Triggers for emergency team activation: a multicenter assessment

Jack Chen, Rinaldo Bellomo, Ken Hillman, Arthas Flabouris, Simon Finfer, MERIT Study Investigators for the Simpson Centre and the ANZICS Clinical Trials Group

Research output: Contribution to journalArticlepeer-review

37 Citations (Scopus)


Purpose: The purpose of the study was to examine triggers for emergency team activation in hospitals with or without a medical emergency team (MET) system. 

Materials and methods: Within a cluster randomized controlled trial examining the effect of introducing a MET system, we recorded the triggers for emergency team activation. We compared the proportion and rate of such triggers in hospitals with or without a MET system and in relation to type of hospital, type of patient ward, and time of day. 

Results: In control hospitals, the most common trigger for emergency team activation was a decrease in Glasgow Coma Score by 2 or more points (45.6%), whereas in MET hospitals, it was the fact that staff members were "worried" or the call occurred despite the lack of a "specified reason" (39.3%). In particular, MET hospitals were 35 times more likely to make a call because of staff being "worried" about the patient (14.1% vs 0.4%, P < .001). Control hospitals were also significantly more likely to call an emergency team because of a deteriorating respiratory (P = .003) or pulse (P < .001) rate, more calls had at least 3 triggers for activation (20.8% vs 10.2%, P = .036), and the average number of triggers per call was significantly higher (P = .013). Nonmetropolitan hospitals were more likely to call an emergency team because of respiratory rate abnormalities (33.6% vs 23.2%, P = .015). Coronary care unit calls were more likely to be triggered by abnormalities in pulse rate and systolic blood pressure, and more calls occurred during the period from 6:00 am to noon.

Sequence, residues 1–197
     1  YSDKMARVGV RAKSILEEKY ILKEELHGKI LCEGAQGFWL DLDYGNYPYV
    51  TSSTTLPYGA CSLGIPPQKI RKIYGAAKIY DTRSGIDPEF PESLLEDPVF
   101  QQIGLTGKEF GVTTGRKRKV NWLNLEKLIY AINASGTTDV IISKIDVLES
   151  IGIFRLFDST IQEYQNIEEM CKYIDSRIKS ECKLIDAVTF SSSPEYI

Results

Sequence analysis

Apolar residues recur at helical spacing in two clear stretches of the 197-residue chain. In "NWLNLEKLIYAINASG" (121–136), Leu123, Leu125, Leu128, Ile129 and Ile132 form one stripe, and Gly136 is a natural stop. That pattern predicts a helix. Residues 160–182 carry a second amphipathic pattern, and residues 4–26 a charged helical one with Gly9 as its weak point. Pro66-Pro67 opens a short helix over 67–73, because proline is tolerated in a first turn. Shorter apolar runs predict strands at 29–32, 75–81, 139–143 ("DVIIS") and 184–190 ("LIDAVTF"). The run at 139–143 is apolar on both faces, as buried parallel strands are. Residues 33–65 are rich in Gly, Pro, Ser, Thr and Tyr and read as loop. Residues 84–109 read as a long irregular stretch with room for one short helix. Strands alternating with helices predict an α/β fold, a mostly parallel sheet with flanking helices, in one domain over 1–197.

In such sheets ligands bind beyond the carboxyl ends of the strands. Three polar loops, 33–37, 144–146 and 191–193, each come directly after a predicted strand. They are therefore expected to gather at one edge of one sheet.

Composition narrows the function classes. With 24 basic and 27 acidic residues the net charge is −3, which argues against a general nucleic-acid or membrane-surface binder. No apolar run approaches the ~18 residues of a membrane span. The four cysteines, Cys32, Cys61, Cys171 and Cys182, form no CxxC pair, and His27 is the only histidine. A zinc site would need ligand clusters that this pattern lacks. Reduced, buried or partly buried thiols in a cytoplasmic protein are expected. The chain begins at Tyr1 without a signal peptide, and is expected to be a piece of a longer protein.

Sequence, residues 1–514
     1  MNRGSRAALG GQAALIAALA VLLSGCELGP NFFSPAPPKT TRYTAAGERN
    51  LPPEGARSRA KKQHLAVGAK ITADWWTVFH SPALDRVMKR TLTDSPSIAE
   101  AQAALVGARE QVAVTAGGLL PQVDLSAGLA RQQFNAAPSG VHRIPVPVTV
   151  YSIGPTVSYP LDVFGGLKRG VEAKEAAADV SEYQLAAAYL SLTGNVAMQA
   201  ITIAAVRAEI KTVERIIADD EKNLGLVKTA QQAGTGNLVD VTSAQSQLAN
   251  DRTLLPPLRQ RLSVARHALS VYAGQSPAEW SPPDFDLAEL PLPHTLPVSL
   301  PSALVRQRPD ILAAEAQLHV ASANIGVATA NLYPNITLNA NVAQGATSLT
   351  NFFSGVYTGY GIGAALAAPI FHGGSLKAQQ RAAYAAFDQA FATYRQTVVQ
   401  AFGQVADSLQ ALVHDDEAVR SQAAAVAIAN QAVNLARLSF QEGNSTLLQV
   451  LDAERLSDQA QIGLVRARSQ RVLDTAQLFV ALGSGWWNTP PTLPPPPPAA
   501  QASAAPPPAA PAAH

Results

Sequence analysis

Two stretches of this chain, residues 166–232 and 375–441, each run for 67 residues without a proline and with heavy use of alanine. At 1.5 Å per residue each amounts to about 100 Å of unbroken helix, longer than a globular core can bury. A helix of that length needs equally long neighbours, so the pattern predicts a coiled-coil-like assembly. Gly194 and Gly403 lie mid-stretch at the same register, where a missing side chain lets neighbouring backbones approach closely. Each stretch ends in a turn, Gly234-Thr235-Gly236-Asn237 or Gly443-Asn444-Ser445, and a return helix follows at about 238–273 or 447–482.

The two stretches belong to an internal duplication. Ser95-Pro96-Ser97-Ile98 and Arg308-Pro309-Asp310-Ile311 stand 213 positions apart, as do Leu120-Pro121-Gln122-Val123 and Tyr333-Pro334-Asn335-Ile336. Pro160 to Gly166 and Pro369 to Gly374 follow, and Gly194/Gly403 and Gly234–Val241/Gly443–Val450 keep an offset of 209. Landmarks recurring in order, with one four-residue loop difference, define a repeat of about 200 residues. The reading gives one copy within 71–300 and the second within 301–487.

Conclusions: In MET hospitals, more emergency team calls are triggered because staff members are worried about the patient; and fewer calls have multiple triggers. Type of hospital, type of ward, and time of day also affect the nature and frequency of triggers for emergency team activation.

Original languageEnglish
Pages (from-to)359.e1-359.e7
Number of pages7
JournalJournal of Critical Care
Issue number2
Publication statusPublished - Jun 2010
Externally publishedYes


  • Attitude of Health Personnel
  • Emergency Service, Hospital/organization & administration
  • Glasgow Coma Scale
  • Heart Rate
  • Hospital Rapid Response Team/statistics & numerical data
  • Hospitals/classification
  • Humans
  • Respiratory Rate
  • Workforce


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